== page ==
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Dayton TIRZ No. 1 looks for a refresher

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    Members of the Dayton TIRZ No. 1 Board are sworn in at a joint meeting of the board and Dayton City Council. The Vindicator | Russell Payne

In a joint session of the Dayton City Council and Tax Increment Reinvestment Zone No. 1, the two bodies heard from Gulf Inland Logistics Park representatives, a project of CMC Railroad, about the local TIRZ to refamiliarize everyone with the TIRZ program. In many ways, the meeting amounted to a refresher of that body and its goal in developing infrastructure in an effort to bring economic development to the area.

The city created the TIRZ on Nov. 13, 2018, and has a 25-year term that runs until 2043, but that entity’s mission was sidetracked due to the COVID19 pandemic and other market conditions. With the pandemic seemingly behind us, it has become time for the developers of Gulf Inland to once again set out on their mission of creating the necessary infrastructure to make that 2,640 acres development a reality.

The first action taken was the swearing-in of that board and electing its leadership to move forward. Arlene Langham, Lester Ray Wisegerber, Wendell Null, Walter Chrisco, Bob Edwards, Bessie Conn, and Felix Skarpa were all on hand, while Wesley Pratka was not in attendance to take the oath. Once the board members in attendance were sworn in, they chose Langham as their chair and Skarpa as the number two in command. The entire board consists of nine members, eight appointed by the Dayton City Council, and the Liberty County Commissioners Court appoints one member. The county seat is currently vacant.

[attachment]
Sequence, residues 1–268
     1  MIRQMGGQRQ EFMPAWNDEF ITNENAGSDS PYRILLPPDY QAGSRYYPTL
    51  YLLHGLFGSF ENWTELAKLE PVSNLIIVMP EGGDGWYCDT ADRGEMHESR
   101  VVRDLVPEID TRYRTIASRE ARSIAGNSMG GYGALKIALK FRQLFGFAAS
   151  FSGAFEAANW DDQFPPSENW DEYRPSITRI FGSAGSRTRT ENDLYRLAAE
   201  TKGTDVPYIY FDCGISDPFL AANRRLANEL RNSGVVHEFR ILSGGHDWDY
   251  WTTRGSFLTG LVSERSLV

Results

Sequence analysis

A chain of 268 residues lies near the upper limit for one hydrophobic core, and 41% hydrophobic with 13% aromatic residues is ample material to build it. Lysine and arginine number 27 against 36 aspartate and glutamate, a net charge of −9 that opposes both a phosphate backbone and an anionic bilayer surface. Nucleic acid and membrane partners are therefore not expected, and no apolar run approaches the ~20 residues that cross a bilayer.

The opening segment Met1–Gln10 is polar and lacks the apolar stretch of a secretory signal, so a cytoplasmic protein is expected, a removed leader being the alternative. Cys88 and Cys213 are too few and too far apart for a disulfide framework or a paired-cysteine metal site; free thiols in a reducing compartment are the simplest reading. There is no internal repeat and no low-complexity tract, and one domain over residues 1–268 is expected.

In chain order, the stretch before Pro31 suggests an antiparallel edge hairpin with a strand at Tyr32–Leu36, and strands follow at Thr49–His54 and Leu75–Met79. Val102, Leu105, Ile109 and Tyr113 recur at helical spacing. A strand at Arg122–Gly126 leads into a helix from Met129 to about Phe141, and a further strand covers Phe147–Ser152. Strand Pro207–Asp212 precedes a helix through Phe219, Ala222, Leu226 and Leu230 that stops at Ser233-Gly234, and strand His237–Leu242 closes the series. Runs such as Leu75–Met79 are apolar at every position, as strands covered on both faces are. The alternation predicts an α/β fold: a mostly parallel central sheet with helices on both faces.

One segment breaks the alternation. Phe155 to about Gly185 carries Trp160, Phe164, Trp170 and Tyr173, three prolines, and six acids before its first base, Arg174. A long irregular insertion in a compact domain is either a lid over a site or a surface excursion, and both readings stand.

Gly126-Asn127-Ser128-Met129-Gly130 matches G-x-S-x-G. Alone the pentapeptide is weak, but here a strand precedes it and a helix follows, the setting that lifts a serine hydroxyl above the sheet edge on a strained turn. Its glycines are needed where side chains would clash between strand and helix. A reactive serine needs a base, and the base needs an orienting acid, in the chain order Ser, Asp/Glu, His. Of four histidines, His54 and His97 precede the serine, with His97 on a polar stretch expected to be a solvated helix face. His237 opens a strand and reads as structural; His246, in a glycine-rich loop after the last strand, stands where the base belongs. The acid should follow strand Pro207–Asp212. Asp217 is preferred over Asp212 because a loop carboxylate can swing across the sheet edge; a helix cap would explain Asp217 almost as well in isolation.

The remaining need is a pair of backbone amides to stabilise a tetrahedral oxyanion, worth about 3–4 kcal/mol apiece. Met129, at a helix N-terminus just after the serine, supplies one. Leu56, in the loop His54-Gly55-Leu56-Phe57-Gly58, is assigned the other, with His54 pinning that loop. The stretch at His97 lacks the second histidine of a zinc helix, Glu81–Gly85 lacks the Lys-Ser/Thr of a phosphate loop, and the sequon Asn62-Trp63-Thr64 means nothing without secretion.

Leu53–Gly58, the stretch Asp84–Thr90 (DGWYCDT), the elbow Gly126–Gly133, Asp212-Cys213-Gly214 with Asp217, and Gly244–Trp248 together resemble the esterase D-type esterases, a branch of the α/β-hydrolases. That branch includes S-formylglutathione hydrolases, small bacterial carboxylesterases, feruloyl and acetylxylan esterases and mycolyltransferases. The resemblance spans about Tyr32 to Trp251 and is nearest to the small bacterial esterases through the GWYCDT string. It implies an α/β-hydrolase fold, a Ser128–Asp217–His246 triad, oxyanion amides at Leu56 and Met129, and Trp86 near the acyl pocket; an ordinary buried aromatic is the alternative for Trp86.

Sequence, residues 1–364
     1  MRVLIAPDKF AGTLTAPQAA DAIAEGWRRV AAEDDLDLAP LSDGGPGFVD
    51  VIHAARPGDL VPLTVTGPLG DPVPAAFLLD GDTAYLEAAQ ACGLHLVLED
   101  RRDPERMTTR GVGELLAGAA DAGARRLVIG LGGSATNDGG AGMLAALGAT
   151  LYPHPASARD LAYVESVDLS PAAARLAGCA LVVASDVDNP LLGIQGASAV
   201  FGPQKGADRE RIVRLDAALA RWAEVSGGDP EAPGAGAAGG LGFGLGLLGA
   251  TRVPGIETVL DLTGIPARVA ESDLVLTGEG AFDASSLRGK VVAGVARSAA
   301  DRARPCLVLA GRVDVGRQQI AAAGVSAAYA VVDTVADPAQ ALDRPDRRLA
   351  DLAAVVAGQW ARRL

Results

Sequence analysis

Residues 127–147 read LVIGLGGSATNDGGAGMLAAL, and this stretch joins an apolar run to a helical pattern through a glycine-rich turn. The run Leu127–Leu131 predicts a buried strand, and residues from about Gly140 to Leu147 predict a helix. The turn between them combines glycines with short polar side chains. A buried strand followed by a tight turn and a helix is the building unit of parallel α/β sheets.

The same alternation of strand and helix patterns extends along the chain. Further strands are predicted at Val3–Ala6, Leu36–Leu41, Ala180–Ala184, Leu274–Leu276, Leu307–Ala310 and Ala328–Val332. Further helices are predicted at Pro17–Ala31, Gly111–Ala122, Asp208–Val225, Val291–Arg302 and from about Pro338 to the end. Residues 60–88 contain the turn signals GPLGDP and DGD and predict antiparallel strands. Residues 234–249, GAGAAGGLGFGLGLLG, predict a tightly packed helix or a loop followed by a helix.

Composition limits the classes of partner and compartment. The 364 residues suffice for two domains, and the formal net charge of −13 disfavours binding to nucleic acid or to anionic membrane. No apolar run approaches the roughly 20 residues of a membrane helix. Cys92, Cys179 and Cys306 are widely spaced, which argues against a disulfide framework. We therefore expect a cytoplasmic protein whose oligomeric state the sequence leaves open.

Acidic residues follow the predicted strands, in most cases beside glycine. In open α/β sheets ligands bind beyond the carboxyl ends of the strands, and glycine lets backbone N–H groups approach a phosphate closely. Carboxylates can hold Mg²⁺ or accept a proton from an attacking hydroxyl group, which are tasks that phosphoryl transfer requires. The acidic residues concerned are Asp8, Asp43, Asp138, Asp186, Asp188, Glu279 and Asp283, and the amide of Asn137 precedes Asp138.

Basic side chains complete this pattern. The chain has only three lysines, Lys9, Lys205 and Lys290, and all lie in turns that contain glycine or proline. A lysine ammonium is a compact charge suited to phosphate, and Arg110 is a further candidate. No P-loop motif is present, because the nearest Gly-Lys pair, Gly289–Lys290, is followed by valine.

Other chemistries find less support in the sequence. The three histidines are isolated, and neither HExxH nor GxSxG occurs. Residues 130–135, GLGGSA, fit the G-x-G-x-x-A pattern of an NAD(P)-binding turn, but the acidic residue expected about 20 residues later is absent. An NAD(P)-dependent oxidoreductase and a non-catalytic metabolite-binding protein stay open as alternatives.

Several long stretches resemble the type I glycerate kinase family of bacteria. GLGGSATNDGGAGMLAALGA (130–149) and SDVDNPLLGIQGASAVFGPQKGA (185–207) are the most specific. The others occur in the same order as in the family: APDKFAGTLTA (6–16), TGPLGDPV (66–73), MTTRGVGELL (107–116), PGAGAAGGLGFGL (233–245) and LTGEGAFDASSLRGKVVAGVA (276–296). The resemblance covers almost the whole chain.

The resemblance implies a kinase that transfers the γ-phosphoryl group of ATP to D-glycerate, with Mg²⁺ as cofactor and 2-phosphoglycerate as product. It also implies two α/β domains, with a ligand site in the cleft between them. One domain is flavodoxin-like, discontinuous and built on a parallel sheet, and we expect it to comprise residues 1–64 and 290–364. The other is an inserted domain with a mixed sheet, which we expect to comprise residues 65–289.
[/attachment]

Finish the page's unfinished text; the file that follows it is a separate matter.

CMC is authorized to spend up to $68 million on the project for approved roads, water, sewer, and any other necessary public improvements constructed in the area, which would be partially reimbursed by the city and county through the TIRZ, with the city taking over ownership of the infrastructure. Current projects are underway on Stilson Road, where they have already begun running water and sewer, and all property has been acquired to start a project on Rolke Road. Those two projects reflect just under a million of the total $68 million designated.

Now that things are back in motion, the board should be meeting regularly soon, as they work with Gulf Inland on projects they hope will bolster the local economy.